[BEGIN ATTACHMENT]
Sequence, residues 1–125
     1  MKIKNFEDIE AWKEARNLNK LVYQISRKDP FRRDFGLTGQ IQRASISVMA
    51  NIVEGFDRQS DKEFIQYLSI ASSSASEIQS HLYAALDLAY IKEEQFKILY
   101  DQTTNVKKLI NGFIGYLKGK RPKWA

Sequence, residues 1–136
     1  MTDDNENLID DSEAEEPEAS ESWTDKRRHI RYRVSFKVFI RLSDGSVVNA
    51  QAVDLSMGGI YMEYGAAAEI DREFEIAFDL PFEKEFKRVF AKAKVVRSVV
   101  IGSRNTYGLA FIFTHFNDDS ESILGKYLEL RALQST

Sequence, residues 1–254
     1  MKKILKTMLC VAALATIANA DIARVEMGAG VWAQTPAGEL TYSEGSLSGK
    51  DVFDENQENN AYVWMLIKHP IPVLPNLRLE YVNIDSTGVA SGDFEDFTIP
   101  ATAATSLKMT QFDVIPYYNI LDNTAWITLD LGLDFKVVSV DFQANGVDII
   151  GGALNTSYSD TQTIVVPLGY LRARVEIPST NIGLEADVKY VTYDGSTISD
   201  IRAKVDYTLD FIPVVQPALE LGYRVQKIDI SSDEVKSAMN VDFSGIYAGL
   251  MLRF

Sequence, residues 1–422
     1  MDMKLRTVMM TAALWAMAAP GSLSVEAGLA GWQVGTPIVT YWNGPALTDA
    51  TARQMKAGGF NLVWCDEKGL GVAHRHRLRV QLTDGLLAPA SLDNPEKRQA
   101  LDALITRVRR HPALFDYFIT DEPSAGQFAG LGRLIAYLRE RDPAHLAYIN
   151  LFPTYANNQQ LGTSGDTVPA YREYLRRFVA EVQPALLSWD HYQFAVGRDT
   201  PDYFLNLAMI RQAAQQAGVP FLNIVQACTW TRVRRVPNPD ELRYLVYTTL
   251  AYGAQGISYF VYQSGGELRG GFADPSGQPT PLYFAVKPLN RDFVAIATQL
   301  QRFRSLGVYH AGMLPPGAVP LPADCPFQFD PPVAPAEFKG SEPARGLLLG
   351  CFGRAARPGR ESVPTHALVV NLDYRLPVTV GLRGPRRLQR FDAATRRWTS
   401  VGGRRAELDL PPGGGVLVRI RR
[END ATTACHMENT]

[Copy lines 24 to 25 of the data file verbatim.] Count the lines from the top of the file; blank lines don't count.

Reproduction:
   351  CFGRAARPGR ESVPTHALVV NLDYRLPVTV GLRGPRRLQR FDAATRRWTS
   401  VGGRRAELDL PPGGGVLVRI RR